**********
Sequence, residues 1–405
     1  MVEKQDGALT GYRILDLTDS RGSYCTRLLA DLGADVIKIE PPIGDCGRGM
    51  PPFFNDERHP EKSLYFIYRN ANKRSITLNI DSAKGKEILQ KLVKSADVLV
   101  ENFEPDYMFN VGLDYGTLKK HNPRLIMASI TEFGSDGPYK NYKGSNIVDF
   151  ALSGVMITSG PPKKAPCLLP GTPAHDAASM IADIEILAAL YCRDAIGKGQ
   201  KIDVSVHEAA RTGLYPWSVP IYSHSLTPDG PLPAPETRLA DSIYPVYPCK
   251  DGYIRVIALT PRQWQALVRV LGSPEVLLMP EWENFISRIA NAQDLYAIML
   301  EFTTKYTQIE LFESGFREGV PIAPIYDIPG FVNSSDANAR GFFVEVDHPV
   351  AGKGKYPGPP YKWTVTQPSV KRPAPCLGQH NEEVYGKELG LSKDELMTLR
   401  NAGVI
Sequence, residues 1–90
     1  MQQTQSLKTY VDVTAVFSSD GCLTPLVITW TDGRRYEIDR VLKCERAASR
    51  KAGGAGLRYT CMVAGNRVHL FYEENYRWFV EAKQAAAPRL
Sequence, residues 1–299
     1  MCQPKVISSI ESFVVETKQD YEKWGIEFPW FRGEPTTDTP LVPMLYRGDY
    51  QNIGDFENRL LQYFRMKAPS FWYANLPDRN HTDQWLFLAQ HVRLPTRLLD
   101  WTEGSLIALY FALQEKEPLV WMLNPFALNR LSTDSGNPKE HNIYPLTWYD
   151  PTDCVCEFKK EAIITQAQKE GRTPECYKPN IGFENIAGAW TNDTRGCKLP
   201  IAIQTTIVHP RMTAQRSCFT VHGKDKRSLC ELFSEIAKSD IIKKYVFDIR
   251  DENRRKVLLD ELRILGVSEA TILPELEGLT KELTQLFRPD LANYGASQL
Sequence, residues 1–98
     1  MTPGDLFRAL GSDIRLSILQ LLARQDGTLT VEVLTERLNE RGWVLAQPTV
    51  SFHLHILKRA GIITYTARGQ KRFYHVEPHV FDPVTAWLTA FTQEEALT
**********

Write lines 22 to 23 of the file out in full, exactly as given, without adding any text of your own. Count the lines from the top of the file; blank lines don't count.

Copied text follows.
     1  MTPGDLFRAL GSDIRLSILQ LLARQDGTLT VEVLTERLNE RGWVLAQPTV
    51  SFHLHILKRA GIITYTARGQ KRFYHVEPHV FDPVTAWLTA FTQEEALT